Emily Cahoon's talk will focus on volcanic deposits around the John Day Valley and further south to Burns, Oregon. This includes the Clarno Formation, John Day Formation, and lots of mid-Miocene lavas and tuffs. Also, there are unstudied Oligocene to mid-Miocene basaltic lavas and dikes exposed south and east of known Picture Gorge Basalt (PGB) localities. These help to reevaluate PGB distribution and to better understand evolution, mantle components, and possible petrogenetic connections among PGB, Steens Basalt, and the Strawberry Volcanics. Broadly, we will explore the proposed connections between the John Day Formation, the Columbia River Basalts, and the Yellowstone plume.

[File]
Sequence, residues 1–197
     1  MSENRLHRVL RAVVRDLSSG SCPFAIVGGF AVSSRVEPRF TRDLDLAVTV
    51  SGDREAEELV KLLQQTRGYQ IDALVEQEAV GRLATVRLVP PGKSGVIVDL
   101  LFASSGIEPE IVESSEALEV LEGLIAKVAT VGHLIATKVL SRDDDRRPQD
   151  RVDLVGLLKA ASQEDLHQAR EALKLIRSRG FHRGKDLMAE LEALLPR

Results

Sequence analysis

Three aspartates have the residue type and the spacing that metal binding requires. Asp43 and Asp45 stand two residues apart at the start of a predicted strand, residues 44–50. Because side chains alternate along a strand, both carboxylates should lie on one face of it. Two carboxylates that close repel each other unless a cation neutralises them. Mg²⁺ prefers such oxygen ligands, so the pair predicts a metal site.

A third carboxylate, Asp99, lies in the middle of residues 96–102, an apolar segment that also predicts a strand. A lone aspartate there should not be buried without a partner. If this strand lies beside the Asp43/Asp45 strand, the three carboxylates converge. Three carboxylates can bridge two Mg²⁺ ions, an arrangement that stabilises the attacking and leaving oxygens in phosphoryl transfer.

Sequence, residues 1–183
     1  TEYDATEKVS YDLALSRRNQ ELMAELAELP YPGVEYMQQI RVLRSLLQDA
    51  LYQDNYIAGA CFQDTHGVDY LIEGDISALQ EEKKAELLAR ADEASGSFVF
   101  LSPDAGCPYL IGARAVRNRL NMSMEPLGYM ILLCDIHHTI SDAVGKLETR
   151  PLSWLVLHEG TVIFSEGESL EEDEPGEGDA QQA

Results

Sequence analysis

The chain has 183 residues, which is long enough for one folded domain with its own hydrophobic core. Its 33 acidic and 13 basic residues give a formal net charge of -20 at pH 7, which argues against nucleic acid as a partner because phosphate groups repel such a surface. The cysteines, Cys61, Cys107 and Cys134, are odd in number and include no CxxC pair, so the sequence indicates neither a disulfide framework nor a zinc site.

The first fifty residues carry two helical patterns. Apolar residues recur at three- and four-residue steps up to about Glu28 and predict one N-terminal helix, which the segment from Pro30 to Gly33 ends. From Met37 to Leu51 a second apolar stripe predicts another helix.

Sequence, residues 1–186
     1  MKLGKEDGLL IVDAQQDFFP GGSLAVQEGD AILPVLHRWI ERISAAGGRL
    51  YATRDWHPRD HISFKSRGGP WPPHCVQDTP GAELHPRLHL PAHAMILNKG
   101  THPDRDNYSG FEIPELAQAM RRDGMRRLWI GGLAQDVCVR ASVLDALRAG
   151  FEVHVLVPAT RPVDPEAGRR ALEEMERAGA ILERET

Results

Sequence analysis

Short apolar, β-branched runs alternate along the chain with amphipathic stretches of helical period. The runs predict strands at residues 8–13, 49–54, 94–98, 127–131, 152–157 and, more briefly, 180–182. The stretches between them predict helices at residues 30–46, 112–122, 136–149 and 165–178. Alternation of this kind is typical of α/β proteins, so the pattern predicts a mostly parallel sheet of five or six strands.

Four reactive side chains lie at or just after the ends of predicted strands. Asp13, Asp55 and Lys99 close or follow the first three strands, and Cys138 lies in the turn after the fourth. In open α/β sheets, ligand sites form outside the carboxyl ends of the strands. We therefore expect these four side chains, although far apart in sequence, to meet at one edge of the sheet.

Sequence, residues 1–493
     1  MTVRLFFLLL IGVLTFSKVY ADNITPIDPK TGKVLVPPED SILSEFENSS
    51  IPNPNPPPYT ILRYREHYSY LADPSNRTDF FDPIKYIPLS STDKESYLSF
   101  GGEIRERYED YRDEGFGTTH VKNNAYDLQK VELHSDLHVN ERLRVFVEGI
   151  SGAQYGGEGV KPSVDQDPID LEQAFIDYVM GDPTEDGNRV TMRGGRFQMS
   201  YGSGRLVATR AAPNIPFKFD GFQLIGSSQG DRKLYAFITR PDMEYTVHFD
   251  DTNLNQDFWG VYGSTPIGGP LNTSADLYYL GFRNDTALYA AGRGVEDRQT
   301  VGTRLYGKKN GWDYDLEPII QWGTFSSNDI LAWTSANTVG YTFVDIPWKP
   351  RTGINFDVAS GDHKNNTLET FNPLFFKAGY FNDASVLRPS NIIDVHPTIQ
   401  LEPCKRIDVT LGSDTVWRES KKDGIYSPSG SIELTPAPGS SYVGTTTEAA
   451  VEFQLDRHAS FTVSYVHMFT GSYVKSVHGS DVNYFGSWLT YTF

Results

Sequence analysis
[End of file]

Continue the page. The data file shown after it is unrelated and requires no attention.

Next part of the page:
Emily Cahoon is a 3rd year PhD Candidate at Portland State University. She received her BS from the University of Delaware in geological sciences and continued studying geology at Washington State University where she earned her MS investigating volcaniclastic deposits of the Clarno Formation in eastern Oregon. Her current research interests broadly cover the petrogenesis and geochemistry of basaltic magmas. Specifically, her dissertation examines the Picture Gorge Basalt (CRBG) via trace element and isotopic signatures to assist in geochemical modeling and interpretation of magmatic components during Oligocene and Miocene time in central and eastern Oregon.